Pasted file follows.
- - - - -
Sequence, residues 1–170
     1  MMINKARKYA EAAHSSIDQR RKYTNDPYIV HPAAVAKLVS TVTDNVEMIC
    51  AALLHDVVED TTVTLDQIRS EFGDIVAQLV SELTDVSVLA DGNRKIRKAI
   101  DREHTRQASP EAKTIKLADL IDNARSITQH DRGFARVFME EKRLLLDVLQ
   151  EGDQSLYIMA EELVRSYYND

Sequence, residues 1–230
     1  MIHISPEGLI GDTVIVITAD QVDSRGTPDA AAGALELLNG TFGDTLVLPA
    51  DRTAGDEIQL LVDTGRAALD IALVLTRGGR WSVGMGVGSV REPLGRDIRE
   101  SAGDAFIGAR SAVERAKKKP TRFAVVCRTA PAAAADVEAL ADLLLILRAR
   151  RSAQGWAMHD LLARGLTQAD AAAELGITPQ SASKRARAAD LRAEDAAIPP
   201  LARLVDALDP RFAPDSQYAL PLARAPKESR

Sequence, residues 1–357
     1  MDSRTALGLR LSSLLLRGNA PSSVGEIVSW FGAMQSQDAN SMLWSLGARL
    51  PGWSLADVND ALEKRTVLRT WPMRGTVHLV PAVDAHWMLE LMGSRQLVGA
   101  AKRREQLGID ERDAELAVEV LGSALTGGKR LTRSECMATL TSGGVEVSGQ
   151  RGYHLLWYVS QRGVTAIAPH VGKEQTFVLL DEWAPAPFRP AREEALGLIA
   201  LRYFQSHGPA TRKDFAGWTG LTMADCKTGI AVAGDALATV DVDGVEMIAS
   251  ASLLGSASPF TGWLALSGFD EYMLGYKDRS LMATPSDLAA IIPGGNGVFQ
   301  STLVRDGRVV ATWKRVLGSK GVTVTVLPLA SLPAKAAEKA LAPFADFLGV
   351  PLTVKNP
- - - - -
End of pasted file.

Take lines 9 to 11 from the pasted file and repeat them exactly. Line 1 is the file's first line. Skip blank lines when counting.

   101  SAGDAFIGAR SAVERAKKKP TRFAVVCRTA PAAAADVEAL ADLLLILRAR
   151  RSAQGWAMHD LLARGLTQAD AAAELGITPQ SASKRARAAD LRAEDAAIPP
   201  LARLVDALDP RFAPDSQYAL PLARAPKESR